Since then, the Accra-born talent has dropped six more albums, launched his own annual music festival, and boasted collaborations with leading figures from the contemporary music landscape, including Red Hot Chilli Peppers’ Flea, queen of neo-soul Erykah Badu and rising stars Kojey Radical and Burna Boy.

Below, we sit down with M.anifest to learn more about the influence that Ghana has on his creative production, the inspiration behind his new EP, Madina to the Universe: The E.P.ilogue (2022), and how music allows him to amplify “the plight of the people”.

Photography Rogers Ouma. Image courtesy of the artist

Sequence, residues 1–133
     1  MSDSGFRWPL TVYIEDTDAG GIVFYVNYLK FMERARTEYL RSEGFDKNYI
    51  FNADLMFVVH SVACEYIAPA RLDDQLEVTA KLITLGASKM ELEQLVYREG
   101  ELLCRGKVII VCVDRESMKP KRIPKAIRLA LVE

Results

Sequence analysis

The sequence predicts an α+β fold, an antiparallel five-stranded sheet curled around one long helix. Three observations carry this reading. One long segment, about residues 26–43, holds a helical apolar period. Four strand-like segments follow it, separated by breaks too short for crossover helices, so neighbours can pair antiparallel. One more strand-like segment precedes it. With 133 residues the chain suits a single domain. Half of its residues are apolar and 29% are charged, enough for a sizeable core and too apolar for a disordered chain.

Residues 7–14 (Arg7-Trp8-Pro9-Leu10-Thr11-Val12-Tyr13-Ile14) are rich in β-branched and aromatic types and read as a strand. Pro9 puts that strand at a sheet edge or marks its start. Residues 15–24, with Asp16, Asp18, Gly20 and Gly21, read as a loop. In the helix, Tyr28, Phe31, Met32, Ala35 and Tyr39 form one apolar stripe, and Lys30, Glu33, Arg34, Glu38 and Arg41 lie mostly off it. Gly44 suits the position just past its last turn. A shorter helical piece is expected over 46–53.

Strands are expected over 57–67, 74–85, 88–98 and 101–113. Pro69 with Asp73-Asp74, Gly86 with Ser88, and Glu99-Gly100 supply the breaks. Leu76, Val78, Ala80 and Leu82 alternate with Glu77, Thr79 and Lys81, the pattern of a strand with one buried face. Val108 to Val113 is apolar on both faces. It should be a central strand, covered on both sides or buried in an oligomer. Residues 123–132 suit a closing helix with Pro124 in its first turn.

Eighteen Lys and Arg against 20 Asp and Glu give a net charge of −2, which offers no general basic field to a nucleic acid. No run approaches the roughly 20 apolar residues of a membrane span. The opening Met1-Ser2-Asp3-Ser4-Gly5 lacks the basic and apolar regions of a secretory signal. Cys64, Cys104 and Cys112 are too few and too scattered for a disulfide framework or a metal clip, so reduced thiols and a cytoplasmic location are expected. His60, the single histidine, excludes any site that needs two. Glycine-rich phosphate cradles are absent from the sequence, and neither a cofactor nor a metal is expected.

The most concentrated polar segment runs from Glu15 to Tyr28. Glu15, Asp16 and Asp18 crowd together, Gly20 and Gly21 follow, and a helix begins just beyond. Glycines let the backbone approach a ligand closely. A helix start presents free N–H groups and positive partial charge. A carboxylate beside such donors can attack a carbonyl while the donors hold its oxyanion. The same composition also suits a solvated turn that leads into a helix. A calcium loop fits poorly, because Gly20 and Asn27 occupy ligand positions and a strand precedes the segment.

Photography Rogers Ouma. Image courtesy of the artist

Re-Edition: Since the release of your first album, Manifestations (2007), you have continually strived to reshape African pop music and hip-hop through powerful lyricism and high-profile collaborations. When exactly, and how, did music come into the frame for you, and what led you to it? What made you choose this specific medium over other forms of self-expression?

M.anifest: I grew up with my grandpa, who was a legendary composer and ethnomusicologist. It took me till my first album to truly comprehend how much I am of his tree, how that privilege of being privy to not just popular music shaped me: while hip-hop drew me in and compelled me so much as a medium, I have always found footing in the music and culture of home.